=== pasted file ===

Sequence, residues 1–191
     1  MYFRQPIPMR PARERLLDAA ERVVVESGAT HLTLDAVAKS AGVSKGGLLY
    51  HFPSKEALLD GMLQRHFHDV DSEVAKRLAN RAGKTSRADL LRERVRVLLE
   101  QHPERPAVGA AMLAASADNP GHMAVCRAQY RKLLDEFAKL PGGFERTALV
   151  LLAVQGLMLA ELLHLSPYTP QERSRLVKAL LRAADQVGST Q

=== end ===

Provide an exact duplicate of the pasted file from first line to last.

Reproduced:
Sequence, residues 1–191
     1  MYFRQPIPMR PARERLLDAA ERVVVESGAT HLTLDAVAKS AGVSKGGLLY
    51  HFPSKEALLD GMLQRHFHDV DSEVAKRLAN RAGKTSRADL LRERVRVLLE
   101  QHPERPAVGA AMLAASADNP GHMAVCRAQY RKLLDEFAKL PGGFERTALV
   151  LLAVQGLMLA ELLHLSPYTP QERSRLVKAL LRAADQVGST Q